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Thread: honey excluder

  1. #1
    Join Date
    Jan 2009
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    Grosse Ile, Michigan, USA
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    Default honey excluder

    Anyone ever see a queen cross over a full box of honey to lay above it or is it a pretty dependable excluder? John

  2. #2

    Default Re: honey excluder

    Yes but it is rare.

  3. #3
    Join Date
    Dec 2005
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    Brasher Falls, NY, USA
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    Default Re: honey excluder

    Yes. A cpl years ago I saw a queen on an inner cover which was above a top feeder which was above a super of foundation. Go figure.
    Mark Berninghausen "Ships at a distance have every man's wish on board." Zora Neale Hurston

  4. #4
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    Default Re: honey excluder

    I've found a queen a couple times on the underside of the inner cover when not using an excluder, that's why I always check the inner cover before I set it aside. Anyway, my thinking is that if a queen crosses over a super full of honey, she knows it, and she also knows that laying eggs above that super would be dividing up the broodnest, but I'm sure it happens on rare occasion. The workers are probably responsible for guiding her up there too. John

  5. #5
    Join Date
    Jun 2013
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    Gig Harbor, Washington
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    Default Re: honey excluder

    I have a different question about the excluder. This is my first hive and I put a honey super and excluder on last week, on this weeks inspection there was burr comb over 1/4 of the excluder and no drawn out comb in the honey super. The excluder is cypress wood frame and metal grid bought from Rossmans. Is there any thing I can do to slow down the build-up of burr comb?

  6. #6
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    Default Re: honey excluder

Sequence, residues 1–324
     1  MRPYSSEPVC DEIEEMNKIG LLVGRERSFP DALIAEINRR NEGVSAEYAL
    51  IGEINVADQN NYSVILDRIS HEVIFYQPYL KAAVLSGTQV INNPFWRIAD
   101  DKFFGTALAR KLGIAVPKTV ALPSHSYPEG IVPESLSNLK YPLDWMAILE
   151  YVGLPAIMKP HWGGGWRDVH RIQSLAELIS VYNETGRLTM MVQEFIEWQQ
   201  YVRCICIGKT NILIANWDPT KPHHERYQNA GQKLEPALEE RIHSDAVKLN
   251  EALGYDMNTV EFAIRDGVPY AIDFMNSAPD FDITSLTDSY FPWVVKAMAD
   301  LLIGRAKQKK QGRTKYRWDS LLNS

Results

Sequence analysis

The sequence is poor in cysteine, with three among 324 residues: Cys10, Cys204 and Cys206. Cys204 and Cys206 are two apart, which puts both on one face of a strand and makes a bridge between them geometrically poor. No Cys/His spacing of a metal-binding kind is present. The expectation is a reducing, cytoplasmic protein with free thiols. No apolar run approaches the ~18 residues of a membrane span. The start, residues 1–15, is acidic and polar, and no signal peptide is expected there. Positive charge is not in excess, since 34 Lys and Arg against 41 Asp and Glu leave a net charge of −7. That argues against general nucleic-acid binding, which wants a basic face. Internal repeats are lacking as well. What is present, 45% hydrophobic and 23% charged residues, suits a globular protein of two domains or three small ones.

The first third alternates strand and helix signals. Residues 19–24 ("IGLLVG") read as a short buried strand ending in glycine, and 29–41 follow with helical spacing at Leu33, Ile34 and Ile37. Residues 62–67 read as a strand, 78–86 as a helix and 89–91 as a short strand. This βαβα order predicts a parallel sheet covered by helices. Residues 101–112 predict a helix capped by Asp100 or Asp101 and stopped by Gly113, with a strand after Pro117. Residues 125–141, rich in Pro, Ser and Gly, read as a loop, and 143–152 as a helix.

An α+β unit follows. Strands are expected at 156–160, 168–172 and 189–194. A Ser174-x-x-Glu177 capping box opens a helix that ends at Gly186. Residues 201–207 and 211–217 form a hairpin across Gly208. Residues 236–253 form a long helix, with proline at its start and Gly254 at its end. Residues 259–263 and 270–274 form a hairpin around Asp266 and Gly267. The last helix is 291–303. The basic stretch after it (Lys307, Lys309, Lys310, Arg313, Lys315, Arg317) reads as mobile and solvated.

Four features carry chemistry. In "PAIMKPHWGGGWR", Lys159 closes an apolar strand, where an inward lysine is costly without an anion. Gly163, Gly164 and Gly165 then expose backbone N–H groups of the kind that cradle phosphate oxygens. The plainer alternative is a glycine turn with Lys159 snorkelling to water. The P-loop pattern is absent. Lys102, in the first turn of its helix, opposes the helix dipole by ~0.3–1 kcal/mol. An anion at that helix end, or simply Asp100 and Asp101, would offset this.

What will slow it down somewhat is when they start working in the super. Bees don't like going through excluders, especially if there is nothing but foundation in the super, which I assume you are using. Try removing the excluder and go back in about 4-5 days and see what's happening in the super, most likely they will be up there starting to draw comb, unless of course your hives are not strong enough yet to need the extra space. Once they start working on drawing 2-3 frames and storing some nectar in them, then you can put the excluder back on. There is a chance that the queen may move up there as they draw some foundation out, and start laying eggs, if so you have to make sure she is below the excluder before you put it back on. Usually once they start working on a super, they stick with it. John

  7. #7
    Join Date
    May 2002
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    San Mateo, CA
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    Default Re: honey excluder

    If the brood chamber is all worker comb a queen will go seven supers up over solid honey looking for drone comb. Don't put foundation above an excluder unless the bees have already crossed the excluders into other supers below the foundation. And then only during a good flow.

  8. #8
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    Jun 2013
    Location
    Gig Harbor, Washington
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    Default Re: honey excluder

    Thanks for the Info. Your both right I did just put foundation above the excluder only because that is what I have. As far as a strong hive I'm not sure, there is about 2 1/2 frames below the excluder that still needs to be drawn out. The first deep hive body has only 1/2 frame left to be drawn out with the rest in the second deep hive body. I may have to wait a few days before removing the excluder related to rain for the next two days. So if I understand, bees will not pass a excluder if the super is all foundation and I should have just put the supper on and wait until a few frames are drawn out before putting the excluder.

  9. #9
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    Default Re: honey excluder

    If everything falls into place just right, bees will cross an excluder to draw foundation, that is, you need an excellent honey flow, and the brood chamber below needs to be 90% or more drawn out and filled with honey, pollen, brood and pretty well stuffed with bees wall to wall. Anything less than that, and you need to leave the excluder off at first until the bees start working on at least a couple frames and storing something in them or the queen laying in them. John

  10. #10
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    May 2002
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    Default Re: honey excluder

    >If everything falls into place just right, bees will

    That is asking a lot in beekeeping.

  11. #11
    Join Date
    Jun 2013
    Location
    Gig Harbor, Washington
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    6

    Default Re: honey excluder

    Well I took off the excluder after work today and the bees had already replaced about a third of the burr comb I scraped off yesterday. So now I'm going to wait until Saturday to see if the bees have started to work the new foundation. I want to thank every one that has replied and so do my bees. happy bees make a happy bee keeper.

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